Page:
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Emma McGrath: ‘My life goal is to be able to support the people that I love…’

When I met up with Emma McGrath in the summer she had just received a Women in Music grant from the PRS Foundation. We spoke about her track Butterfly, from her EP Silent Minds, and life as an 18-year-old artist.

Can you tell me a bit about the story behind your track Butterfly?

I went to a school that was half boarding school, half day school. I didn’t board. There was this kid in my year that turned up and she didn’t speak much English. She hung out with my group of friends and I thought, ‘she doesn’t have anyone, let her sit with us for lunch, it’s not a big deal.’ It’s basically about people not being able to sympathise with other people. My EP is called Silent Minds – people who talk a lot but they don’t really say anything.

What was it about that girl inspired you?

I don’t think I felt like I quite fit in either. I sympathise with her situation. I can’t believe anyone else couldn’t sympathise with her situation. You turn up in a random country, you don’t know anyone, your family lives a few thousand miles away, you don’t speak the language, you’re in a school. Oh my days. Imagine that? Freaking terrifying. I suppose I tried to make her feel like she fitted in. How could someone not understand that situation?

How did you first get into music?

There was a guitar club at school and I joined it when I was about nine. I played guitar all the time.

You also sing…

I think guitar playing and singing goes hand in hand. The same with songwriting – you play guitar, you write songs. I’m also awful at talking to people so I put it in songs.

What do you most enjoy about making music?

Probably playing live and spending time with my best mates. Writing songs can be pretty lonely if that’s all you do. Going on the road with my best mates and having fun travelling.

I have a keys player, Hannah, and a drummer, Alfie. I met him at the first gig I ever did and we’ve played together ever since. He’s like my big brother and I love him, he’s great.

What was your first gig?

It was an open mic at a local pub. His band were the house band.

Do you write all of your music?

I write a lot of it but I do co-writing as well ’cause it’s fun – learning different ways of writing.

You’ve already accomplished quite a lot for a young artist. You’ve had BBC Radio 2 airplay and were awarded the PRS Foundation Women In Music fund. How have you found the music industry so far?

I think it’s great. It all makes sense. The people in it are really nice. I feel lucky that I’m female because I definitely wouldn’t be where I am today if I wasn’t. I’m lucky that I have people around me that get what I’m trying to do and support me. I’ve got a great manager and I’ve got a great publisher (Primary Wave).

You said you felt lucky that you are female. What makes you say that?

Everything now is about being a woman. I’ve never gone through life thinking, ‘oh, a man can do that, so a woman can’t do that.’ I’ve never experienced any discrimination because I’m a female in the industry.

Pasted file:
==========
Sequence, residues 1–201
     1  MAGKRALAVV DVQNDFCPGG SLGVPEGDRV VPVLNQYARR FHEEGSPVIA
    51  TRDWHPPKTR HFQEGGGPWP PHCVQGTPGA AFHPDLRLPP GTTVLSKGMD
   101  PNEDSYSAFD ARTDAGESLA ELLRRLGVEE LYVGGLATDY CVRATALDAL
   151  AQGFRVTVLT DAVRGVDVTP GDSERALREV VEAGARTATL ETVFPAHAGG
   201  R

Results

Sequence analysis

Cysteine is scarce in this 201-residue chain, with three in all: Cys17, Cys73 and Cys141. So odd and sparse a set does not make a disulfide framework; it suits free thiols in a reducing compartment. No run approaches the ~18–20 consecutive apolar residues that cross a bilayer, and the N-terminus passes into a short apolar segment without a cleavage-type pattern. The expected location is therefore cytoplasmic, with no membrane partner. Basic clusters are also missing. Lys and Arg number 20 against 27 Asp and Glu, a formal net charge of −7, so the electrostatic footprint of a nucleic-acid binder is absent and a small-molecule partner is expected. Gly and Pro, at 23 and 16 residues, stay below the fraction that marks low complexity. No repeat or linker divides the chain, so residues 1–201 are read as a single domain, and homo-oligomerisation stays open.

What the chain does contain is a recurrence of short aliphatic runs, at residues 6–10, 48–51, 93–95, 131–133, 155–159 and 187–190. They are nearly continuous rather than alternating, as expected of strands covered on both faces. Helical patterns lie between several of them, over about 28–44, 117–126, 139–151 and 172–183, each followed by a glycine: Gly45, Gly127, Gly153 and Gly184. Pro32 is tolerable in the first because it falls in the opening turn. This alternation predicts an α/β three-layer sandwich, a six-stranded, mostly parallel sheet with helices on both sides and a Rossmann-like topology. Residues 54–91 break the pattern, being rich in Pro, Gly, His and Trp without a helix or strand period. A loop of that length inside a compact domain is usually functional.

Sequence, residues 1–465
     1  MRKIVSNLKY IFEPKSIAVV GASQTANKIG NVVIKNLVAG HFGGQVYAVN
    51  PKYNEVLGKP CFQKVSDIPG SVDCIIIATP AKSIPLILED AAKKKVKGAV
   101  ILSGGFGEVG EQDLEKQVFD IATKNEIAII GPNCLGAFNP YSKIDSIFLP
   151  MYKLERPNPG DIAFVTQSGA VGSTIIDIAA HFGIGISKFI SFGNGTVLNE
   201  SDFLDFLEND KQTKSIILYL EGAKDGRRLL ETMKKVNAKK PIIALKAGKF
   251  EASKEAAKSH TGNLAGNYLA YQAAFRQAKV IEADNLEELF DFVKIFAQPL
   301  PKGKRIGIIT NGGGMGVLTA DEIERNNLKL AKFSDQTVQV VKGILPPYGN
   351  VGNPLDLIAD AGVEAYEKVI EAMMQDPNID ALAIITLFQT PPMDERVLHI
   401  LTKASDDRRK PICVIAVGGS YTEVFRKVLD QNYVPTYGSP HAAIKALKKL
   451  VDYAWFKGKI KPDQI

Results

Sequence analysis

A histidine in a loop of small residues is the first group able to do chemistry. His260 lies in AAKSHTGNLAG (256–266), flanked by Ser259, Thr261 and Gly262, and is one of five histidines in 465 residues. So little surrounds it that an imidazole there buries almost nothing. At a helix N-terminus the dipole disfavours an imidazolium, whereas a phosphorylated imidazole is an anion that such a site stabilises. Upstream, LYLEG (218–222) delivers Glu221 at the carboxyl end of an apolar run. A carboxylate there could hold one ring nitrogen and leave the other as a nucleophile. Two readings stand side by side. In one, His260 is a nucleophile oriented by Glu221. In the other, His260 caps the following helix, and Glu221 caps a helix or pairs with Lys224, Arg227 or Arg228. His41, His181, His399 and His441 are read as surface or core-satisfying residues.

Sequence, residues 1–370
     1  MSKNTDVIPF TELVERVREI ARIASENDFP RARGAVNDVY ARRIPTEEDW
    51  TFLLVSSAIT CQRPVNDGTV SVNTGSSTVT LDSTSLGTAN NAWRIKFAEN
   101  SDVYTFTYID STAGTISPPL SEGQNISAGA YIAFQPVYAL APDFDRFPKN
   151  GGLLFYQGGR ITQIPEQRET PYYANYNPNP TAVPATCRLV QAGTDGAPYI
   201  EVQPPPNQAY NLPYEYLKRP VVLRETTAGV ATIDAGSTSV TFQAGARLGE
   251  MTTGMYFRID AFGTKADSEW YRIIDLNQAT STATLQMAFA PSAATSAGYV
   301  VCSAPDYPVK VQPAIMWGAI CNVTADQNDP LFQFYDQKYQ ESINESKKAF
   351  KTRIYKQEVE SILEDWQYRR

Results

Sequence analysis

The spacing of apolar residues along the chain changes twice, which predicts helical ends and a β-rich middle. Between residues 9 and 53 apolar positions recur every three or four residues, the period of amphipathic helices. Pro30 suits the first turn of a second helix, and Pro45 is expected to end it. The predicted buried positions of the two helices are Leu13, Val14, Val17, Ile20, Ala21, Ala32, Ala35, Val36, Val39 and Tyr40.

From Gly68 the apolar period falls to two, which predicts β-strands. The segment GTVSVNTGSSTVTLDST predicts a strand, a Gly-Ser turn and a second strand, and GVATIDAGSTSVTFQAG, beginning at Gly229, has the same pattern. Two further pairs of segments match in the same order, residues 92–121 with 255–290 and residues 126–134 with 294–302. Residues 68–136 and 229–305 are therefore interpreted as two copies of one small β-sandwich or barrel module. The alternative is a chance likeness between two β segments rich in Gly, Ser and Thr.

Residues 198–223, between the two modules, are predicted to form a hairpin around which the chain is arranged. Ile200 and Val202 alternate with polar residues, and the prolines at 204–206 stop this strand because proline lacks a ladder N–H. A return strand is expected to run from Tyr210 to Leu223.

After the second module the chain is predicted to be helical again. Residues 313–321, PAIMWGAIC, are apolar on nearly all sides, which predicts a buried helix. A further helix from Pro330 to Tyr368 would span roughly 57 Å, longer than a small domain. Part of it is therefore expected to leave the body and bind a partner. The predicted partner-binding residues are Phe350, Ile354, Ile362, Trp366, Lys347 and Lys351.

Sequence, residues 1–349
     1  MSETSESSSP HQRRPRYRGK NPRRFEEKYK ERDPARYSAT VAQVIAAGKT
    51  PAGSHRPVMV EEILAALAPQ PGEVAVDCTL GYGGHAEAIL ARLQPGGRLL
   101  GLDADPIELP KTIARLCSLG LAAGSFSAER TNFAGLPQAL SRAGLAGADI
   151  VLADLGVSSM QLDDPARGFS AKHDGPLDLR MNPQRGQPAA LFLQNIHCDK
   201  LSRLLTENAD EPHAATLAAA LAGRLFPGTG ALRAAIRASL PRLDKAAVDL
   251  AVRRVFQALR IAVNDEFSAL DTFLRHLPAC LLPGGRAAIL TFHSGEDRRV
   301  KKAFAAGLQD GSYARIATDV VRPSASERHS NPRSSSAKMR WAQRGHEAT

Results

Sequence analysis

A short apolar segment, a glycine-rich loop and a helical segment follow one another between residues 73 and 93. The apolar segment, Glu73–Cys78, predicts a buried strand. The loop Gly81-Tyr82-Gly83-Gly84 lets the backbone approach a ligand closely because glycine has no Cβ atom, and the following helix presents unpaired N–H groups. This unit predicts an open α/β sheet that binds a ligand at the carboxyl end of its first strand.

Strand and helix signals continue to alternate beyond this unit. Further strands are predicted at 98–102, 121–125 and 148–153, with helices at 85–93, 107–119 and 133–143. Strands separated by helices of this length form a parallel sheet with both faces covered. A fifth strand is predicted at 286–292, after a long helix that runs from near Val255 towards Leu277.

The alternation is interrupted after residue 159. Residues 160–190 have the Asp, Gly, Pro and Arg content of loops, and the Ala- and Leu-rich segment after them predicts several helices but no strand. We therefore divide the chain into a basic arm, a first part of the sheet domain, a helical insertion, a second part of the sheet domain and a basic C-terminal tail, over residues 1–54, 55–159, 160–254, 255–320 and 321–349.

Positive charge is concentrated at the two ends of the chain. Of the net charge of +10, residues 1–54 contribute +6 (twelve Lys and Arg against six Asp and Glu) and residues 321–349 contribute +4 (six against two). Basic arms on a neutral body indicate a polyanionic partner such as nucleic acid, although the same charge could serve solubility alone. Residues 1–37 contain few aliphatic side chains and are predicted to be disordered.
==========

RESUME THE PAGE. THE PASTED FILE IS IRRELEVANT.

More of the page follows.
How has the PRS Foundation Women In Music fund helped your career?

It paid for some of the recording for my first EP. The PRS guys are really great. They’ve been with me since I was 15 and I won the Lyndsey de Paul Prize. I think that award is significant because she was creating a career at a time when it probably wasn’t as easy as it is now to be a female in the music industry.

How would you like to see your career progress?

I want to be able to make music, be happy, live comfortably and hopefully inspire some people to know that they can be who they want to be and not have to be put in a box.

What or who has been the biggest influence on your music?

I’ve always written songs to tell people things that I can’t say. I wouldn’t say I have bad social anxiety anymore. When I was a kid, I couldn’t talk to anyone, so I used to write songs and it used to help me make sense of my own feelings. I write about my mum. I write about people that annoy me. I write about being confused about life. It’s confusing as f**k.

Do you have any role models?

I respect the people that I work with everyday. I think it takes a lot to do certain jobs and my manager Alex, every time he phones me, he’s always happy, he’s always in a good mood and I don’t even know how that’s possible. It makes you feel good. It makes you think ‘yeah, I can do this!’

Musician-wise Brandi Carlile because she looks like she’s got her life together. Her music is incredible – every single one of her songs – it’s like, ‘oh my goodness, I wish I could write songs like that.’ She just seems like an amazing person and even just her family and the twins she tours with – it seems like the perfect situation. My life goal is to be able to support the people that I love, take my best mates on tour and have a laugh. Be able to do what I love with the people that I love. That looks like what she is doing.

emmamcgrath.co.uk

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